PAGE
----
The radical act of suicide protest is undertaken by social movement participants in order to demand a particular previously articulated political outcome. This book examines the history and impact of suicide protest, which has been increasingly used as a protest tactic since World War II, adding to a growing area of research on the ability of certain actions to impact policy in favour of movement goals.
The book offers a combination of historical and contemporary cases analysis from South Asia, where different iterations of this tactic have been used extensively throughout the latter half of the twentieth century, including the use of fasting to the death, self-immolation, and deliberate drowning. Focussing on the success or failure or a particular action relevant to the movement’s broader mobilization strategy, the author examines the internal impact this has on the movement and the mechanisms by which suicide as a form of protest evolves.
Providing a unique contribution to the field of comparative politics, political violence and social movement studies this book will be of interest to scholars working on political science, sociology and South Asian studies.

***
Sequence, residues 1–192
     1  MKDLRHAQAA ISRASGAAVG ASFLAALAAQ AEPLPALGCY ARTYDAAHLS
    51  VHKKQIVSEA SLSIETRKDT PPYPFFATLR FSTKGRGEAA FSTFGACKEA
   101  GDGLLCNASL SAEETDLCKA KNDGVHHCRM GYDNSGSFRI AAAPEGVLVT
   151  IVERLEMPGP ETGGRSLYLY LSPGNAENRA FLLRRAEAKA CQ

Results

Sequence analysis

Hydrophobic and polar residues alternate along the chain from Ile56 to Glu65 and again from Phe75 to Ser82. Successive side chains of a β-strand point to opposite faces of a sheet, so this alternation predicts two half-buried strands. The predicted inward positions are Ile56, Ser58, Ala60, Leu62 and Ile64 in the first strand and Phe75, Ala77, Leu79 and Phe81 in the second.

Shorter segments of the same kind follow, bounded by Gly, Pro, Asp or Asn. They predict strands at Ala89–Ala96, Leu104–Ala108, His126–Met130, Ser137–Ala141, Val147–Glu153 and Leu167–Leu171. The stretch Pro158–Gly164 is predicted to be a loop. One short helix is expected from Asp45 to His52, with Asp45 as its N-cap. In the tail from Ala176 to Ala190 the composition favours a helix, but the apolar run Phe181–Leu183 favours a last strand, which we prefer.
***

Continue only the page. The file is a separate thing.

1. Introduction 2. Gandhi and the Development of Suicide Protest in India 3. Successful Suicide: Potti Sriramulu and the Question of Andhra 4. Short-term Success: The Narmada Dam Bachao Andolan 5. Failure of the Tactic: The Anti-reservation Movement 6. The Tactical Approach and Suicide Bombing in Sri Lanka 7. Suicide protest in a Global Perspective 8. Conclusion
South Asia, with its burgeoning, ethnically diverse population, soaring economies, and nuclear weapons, is an increasingly important region in the global context. The series, which builds on this complex, dynamic and volatile area, features innovative and original research on the region as a whole or on the countries. Its scope extends to scholarly works drawing on history, politics, development studies, sociology and economics of individual countries from the region as well those that take an interdisciplinary and comparative approach to the area as a whole or to a comparison of two or more countries from this region. In terms of theory and method, rather than basing itself on any one orthodoxy, the series draws broadly on the insights germane to area studies, as well as the tool kit of the social sciences in general, emphasizing comparison, the analysis of the structure and processes, and the application of qualitative and quantitative methods. The series welcomes submissions from established authors in the field as well as from young authors who have recently completed their doctoral dissertations.